The birds in Hitchock's film are not representative or metaphorical but are understood as crows that have begun to attack. To add insult, the caged lovebirds make a final appearance in a dramatic scene where Tippi, Mitch, his mother, and his sister escape the birds' wrath and drive off into the sunset. Du Maurier does not rescue Nat Hocken and his family in her story but leaves the reader with the image of a shredded door, the birds furiously destroying the walls and roof of the house that the family has attempted to reinforce in vain.
Du Maurier was not shy about her opinion of Hitchcock's film when it was released. She didn't like it, and she also didn't like that Hitchcock never credited her for her work. As Tatiana de Rosnay writes in du Maurier's biography Manderly Forever (2015), Daphne "is irritated that her name is so rarely mentioned in interviews with the director. Hitchcock has adapted three of her stories in twenty-four years but has never paid tribute to her and has tended to minimize or even denigrate her work."
By the time she saw the film, du Maurier had lived a lifetime of not being taken seriously. In her youth, her father repeatedly told her he wished she were a boy and when Daphne and her sisters hit puberty, he lamented how horrible it was that they would be women. She fought for the legitimacy of her work throughout her career. She was loyal and obsessively committed to her work but was accused of plagiarism twice for books she had never read. She was accused of inciting anger and hatred through her fiction which was not perceived as pleasant enough.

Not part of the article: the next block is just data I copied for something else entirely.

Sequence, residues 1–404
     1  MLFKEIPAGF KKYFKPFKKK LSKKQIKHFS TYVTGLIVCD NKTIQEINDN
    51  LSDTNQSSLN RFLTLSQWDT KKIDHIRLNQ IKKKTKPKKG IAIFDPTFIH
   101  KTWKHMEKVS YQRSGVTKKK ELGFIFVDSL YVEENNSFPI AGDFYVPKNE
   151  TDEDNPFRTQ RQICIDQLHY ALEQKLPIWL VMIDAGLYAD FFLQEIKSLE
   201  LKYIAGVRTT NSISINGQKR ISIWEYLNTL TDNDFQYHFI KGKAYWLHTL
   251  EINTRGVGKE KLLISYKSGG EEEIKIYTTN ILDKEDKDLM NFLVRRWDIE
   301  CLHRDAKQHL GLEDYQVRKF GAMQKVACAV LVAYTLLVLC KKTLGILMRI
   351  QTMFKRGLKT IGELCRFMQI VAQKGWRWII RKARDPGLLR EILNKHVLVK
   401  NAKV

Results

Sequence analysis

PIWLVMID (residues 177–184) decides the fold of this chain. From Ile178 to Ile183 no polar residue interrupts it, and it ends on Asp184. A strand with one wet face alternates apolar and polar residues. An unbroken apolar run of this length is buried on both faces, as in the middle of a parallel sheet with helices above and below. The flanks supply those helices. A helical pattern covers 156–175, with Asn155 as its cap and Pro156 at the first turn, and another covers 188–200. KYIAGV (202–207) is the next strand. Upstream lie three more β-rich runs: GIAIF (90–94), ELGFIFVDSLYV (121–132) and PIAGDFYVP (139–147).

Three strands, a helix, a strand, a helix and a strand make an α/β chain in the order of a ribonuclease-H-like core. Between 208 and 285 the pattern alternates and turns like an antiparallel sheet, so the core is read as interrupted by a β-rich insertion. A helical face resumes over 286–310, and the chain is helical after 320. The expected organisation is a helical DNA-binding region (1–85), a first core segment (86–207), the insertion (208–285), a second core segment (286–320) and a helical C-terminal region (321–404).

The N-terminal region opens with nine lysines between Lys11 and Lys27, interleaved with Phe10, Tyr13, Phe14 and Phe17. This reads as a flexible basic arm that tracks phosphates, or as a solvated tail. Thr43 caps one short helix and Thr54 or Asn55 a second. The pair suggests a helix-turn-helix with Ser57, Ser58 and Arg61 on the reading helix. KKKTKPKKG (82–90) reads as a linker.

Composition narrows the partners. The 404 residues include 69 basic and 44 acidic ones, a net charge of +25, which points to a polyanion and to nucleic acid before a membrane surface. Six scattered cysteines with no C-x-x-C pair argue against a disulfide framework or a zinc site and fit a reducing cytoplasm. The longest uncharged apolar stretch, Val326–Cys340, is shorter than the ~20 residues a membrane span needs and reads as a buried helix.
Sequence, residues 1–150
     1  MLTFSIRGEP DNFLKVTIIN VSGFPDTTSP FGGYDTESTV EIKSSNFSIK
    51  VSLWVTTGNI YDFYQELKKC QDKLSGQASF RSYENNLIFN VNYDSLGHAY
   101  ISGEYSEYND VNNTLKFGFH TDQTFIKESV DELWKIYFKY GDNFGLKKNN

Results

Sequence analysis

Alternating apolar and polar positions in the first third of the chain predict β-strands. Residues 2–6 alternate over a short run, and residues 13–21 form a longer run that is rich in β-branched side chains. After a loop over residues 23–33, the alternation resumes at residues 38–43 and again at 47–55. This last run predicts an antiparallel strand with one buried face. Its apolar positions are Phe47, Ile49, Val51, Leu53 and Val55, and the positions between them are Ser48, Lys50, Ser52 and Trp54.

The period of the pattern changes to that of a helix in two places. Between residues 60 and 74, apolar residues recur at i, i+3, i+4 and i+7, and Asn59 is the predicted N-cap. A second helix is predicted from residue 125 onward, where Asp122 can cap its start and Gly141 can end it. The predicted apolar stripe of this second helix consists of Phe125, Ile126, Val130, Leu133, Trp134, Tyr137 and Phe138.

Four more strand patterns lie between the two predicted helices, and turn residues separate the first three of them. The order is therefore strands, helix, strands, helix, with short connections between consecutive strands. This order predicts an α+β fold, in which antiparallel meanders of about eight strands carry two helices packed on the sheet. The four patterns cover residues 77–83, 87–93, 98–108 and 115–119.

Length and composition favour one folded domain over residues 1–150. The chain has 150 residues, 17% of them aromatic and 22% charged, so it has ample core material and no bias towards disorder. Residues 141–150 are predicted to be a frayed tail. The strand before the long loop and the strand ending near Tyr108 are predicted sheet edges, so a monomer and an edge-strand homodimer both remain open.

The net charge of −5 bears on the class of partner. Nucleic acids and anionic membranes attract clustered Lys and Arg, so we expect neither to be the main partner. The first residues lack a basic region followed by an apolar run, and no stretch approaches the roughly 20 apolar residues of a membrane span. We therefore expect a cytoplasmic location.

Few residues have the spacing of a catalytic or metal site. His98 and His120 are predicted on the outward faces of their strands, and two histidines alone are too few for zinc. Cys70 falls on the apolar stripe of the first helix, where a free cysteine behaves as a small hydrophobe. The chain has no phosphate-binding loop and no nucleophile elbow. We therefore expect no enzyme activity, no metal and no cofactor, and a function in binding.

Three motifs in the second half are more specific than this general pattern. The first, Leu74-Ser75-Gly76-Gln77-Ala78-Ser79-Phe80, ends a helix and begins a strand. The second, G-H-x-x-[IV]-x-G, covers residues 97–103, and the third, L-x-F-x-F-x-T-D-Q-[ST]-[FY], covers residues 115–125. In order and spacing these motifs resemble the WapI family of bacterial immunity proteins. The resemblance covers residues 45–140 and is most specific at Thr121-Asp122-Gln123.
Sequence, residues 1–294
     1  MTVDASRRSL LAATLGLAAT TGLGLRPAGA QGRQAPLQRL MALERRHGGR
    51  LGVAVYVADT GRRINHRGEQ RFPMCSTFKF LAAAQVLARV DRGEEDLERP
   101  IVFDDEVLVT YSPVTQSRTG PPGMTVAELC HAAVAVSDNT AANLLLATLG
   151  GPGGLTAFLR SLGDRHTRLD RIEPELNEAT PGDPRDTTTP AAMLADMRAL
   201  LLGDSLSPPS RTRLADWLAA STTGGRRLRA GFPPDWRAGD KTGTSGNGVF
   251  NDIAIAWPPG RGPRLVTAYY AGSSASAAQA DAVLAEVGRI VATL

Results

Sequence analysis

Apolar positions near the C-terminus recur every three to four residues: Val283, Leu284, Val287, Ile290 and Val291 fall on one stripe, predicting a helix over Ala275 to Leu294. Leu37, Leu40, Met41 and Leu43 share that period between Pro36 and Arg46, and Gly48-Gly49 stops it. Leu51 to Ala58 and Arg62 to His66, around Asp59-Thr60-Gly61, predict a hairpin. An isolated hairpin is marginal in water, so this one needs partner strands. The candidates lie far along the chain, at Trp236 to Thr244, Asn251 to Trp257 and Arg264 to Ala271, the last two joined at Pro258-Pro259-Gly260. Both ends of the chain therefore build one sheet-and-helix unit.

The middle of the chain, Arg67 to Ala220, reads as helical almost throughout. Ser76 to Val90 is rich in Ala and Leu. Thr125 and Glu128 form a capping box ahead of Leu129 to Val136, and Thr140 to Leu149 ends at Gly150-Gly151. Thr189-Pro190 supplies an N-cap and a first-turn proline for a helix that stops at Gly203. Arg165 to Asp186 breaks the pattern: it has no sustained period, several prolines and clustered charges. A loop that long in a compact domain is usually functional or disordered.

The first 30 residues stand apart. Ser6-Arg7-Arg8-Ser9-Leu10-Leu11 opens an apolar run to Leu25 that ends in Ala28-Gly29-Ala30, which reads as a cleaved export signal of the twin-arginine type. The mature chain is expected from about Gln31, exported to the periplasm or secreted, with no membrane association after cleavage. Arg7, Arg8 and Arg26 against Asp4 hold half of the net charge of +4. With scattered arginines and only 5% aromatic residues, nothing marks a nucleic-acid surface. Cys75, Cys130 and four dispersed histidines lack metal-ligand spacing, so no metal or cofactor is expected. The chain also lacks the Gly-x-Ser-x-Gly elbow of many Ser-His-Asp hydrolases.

Du Maurier spent much of her life fighting for the opportunity to have her work taken seriously. Despite critics' opinions, she found her autonomy through her writing. She constantly confided in journals despite her lonely childhood. Her writing offered her relief and companionship where she was free to portray the world as she saw it, however tense and destructive it was. She did not turn away from complicated and problematic power dynamics between men and women. And she used her journals to help understand her feelings for the woman she first fell in love with. They were a place where she did not have to hold back, and eventually, so was her fiction. Du Maurier found both her voice and financial independence through her writing. She vowed never to rely solely on her family or a man but on her writing.
Hitchcock's destruction of her story, a portrayal of an uncomplicated love affair, would have likely incited all the feelings she had worked so hard against in her life and writing. Du Maurier used subject matter in her work that she was familiar with, that reflected the world in which she saw and felt the powerful emotions of fear and biased power dynamics — all feelings that horror incites in us. She used it as a powerful medium for exploring her experiences of the world.
That is what Hitchcock got wrong. By understanding women as a means for his self-gain, both in his acquisition of du Maurier’s stories and how he treated the women that worked for him, he perpetuated and made real the world that she was attempting to reveal in her work. It could be called ironic but I think that would give Hitchcock too much credit. Du Maurier’s brilliance speaks for itself and her work should have always been understood on its own terms, not through the cinematic lens of those willing to reduce her.
Rebecca Payne is a literary and historical horror enthusiast passionate about the ways that writers have used the genre to explore gender and identity. She is a Northwestern MFA candidate based in Chicago.